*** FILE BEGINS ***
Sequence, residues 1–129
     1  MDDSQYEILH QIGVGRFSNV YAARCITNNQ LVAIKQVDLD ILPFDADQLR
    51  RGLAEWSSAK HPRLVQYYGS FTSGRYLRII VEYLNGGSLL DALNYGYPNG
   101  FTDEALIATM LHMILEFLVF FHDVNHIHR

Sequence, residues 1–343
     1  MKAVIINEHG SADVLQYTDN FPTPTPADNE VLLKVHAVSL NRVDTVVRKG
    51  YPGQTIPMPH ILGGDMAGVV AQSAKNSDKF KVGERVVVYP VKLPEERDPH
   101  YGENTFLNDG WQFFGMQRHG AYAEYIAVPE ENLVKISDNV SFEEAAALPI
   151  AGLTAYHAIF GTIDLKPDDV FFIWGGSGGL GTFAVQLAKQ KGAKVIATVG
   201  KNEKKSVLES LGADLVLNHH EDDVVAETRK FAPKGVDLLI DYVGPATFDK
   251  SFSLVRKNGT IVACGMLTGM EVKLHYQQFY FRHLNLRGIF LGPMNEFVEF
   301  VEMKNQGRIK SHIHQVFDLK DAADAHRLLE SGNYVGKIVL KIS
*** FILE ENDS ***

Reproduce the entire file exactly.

Sequence, residues 1–129
     1  MDDSQYEILH QIGVGRFSNV YAARCITNNQ LVAIKQVDLD ILPFDADQLR
    51  RGLAEWSSAK HPRLVQYYGS FTSGRYLRII VEYLNGGSLL DALNYGYPNG
   101  FTDEALIATM LHMILEFLVF FHDVNHIHR

Sequence, residues 1–343
     1  MKAVIINEHG SADVLQYTDN FPTPTPADNE VLLKVHAVSL NRVDTVVRKG
    51  YPGQTIPMPH ILGGDMAGVV AQSAKNSDKF KVGERVVVYP VKLPEERDPH
   101  YGENTFLNDG WQFFGMQRHG AYAEYIAVPE ENLVKISDNV SFEEAAALPI
   151  AGLTAYHAIF GTIDLKPDDV FFIWGGSGGL GTFAVQLAKQ KGAKVIATVG
   201  KNEKKSVLES LGADLVLNHH EDDVVAETRK FAPKGVDLLI DYVGPATFDK
   251  SFSLVRKNGT IVACGMLTGM EVKLHYQQFY FRHLNLRGIF LGPMNEFVEF
   301  VEMKNQGRIK SHIHQVFDLK DAADAHRLLE SGNYVGKIVL KIS